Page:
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An Alfa Romeo, Bugatti, and Maserati Headline Artcurial’s Rétromobile Show in Paris

From February 8 through 10, the auction house expands its Rétromobile offerings to a series of four sales events.

The 1931 Bugatti 51 Grand Prix offered at Rétromobile. Photo: Courtesy of Artcurial.

The French auction house Artcurial has more in store for this year’s Rétromobile, the annual classic auto show held in Paris. Instead of holding one auction during the event, Artcurial will conduct four from February 8 through 10, 2019.

Two of the four will take place on February 10. Racing, Flying, & Yachting will feature vintage trophies, travel posters, automotive art, and a 1995 Ferrari F50 V-12 engine, a developmental example created for an F50 GT, estimated at €70,000 to €100,000 ($80,000 to $114,000).

The second Artcurial sale on that date, dubbed Vibration, showcases more than 350 lots of race-used Formula 1 helmets, suits, steering wheels, and other gear from Lewis Hamilton, Kiki Raikkonen, Nico Rosberg, Alain Prost, Rubens Barrichello, and many others. A standout is a unique 2000 Schuberth helmet designed for Michael Schumacher and worn by the legend in inter-seasonal test races. Those who oversaw F1 ultimately declined to approve the helmet for use in the sport. It’s estimated at €50,000 to €100,000 ($57,000 to $114,000). Auctions that concentrate solely on F1 race-used items are rare, but that’s not for lack of demand. Gathering enough quality material to fill an auction is difficult. The lots in Vibration largely come from one dedicated collector.

A 1972 MV Agusta 750 S.

The 1972 MV Agusta 750 S on offer.  Photo: Courtesy of Artcurial.

On February 9, Artcurial offers the MV Agusta Collection, which includes nearly 100 motorcycles and scooters by the noted Italian manufacturer. Top lot honors go to a 1972 MV Agusta 750 S, estimated at €100,000 to €150,000 ($114,000 to $171,000). The scarce premium bike tends to sell at auction for high five-figure or low six-figure sums.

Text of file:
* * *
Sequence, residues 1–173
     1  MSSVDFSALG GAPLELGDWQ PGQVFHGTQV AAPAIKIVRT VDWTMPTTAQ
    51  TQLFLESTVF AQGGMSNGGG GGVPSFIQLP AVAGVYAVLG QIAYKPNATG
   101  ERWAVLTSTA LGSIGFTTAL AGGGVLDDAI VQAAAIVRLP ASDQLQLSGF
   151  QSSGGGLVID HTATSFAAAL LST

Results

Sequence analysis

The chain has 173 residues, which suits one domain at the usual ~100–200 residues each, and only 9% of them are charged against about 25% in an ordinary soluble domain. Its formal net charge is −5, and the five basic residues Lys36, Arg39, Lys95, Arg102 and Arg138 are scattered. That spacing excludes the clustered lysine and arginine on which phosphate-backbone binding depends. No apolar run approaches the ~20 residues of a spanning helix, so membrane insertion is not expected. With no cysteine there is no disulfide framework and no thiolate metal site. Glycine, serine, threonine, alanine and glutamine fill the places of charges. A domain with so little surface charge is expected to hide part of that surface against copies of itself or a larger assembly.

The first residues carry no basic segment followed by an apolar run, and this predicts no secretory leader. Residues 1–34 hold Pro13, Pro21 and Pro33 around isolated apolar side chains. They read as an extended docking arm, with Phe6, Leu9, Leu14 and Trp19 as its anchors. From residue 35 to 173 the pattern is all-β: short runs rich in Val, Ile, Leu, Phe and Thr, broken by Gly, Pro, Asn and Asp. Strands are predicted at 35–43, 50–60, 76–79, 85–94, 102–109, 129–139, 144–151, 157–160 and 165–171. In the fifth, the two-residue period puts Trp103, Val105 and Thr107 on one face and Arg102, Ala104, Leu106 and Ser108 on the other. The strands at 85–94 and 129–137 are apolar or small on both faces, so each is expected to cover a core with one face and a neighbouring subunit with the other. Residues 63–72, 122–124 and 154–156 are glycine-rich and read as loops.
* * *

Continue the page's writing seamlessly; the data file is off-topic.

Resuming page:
Artcurial’s traditional Rétromobile offering—what it calls The Official Sale—takes place on February 8. Its marquee lot will drop your jaw: a 1939 Alfa Romeo 8C 2900 B Touring Berlinetta, estimated at €16 million to €22 million ($18.2 million to $25.1 million). Only four others were made. One is in the Alfa Romeo museum, and two of the remaining three won Best of Show at Pebble Beach following restorations in America. This example, the second of the five, is unrestored, and has been with the same owner for the last 43 years.

This 1939 Alfa Romeo is estimated at up to $25.1 million.

This 1939 Alfa Romeo is estimated at up to $25.1 million.  Photo by Kevin van Campenhout, courtesy of Artcurial.

Pierre Novikoff, deputy director at Artcurial, has “used the car with the owner” and deems it “very powerful and very torquey. The engine is a real piece of art.” If it sells for its high estimate, or even a bit more than its low estimate, it will set a new auction record for an Alfa Romeo. The record belongs to a 1939 Alfa Romeo 8C 2900B Lungo Spider by Touring that fetched $19.8 million at RM Sotheby’s in 2016.

Equally alluring is a 1953 Maserati A6GCS by Fiandri, estimated at €3.75 million to €4.5 million ($4.2 million to $5.1 million). Its chassis and engine numbers do not match, but that’s a good thing in this case. The engine powered a car that drove in the 1954 Mille Miglia, which is enough to confer eligibility for a future Mille Miglia. The car proper has a race history that includes the 1954 Sebring 12 Hours.

A 1953 Maserati A6GCS Maserati A6GCby Fiandri

The 1953 Maserati A6GCS presented by Artcurial.  Photo by Dirk De Jager, courtesy of Artcurial.

Rounding things out is an exceptional 1931 Bugatti 51 Grand Prix, estimated at €4 million to €4.5 million ($4.5 million to $5.1 million). You’d be hard-pressed to find another 1930s Bugatti that raced in more than 40 Grand Prix races and survived those adventures as well as this one did.

The 1931 Bugatti 51 Grand Prix offered at Rétromobile.

The 1931 Bugatti 51 Grand Prix offered at Rétromobile.  Photo by Kevin van Campenhout, courtesy of Artcurial.

“We don’t say it’s all-original from the factory, but it’s all-original from its history,” Novikoff says. “You can find everything and everything is understandable. You know what happened and how it happened.”

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